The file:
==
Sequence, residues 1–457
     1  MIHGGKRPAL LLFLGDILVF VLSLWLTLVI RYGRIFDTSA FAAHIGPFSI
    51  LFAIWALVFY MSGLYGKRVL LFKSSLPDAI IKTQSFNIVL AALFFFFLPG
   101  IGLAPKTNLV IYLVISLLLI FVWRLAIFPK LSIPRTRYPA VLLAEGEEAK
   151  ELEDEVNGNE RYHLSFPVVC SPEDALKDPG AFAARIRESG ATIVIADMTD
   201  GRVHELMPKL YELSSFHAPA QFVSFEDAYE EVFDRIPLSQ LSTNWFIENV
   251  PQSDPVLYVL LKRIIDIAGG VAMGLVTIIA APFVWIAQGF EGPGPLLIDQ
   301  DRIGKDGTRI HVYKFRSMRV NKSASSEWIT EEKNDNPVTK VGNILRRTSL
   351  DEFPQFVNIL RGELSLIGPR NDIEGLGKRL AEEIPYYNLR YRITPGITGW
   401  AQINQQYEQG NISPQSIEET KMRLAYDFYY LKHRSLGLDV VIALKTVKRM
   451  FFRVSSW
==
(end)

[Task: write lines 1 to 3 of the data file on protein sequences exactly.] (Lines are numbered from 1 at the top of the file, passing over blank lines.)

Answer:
Sequence, residues 1–457
     1  MIHGGKRPAL LLFLGDILVF VLSLWLTLVI RYGRIFDTSA FAAHIGPFSI
    51  LFAIWALVFY MSGLYGKRVL LFKSSLPDAI IKTQSFNIVL AALFFFFLPG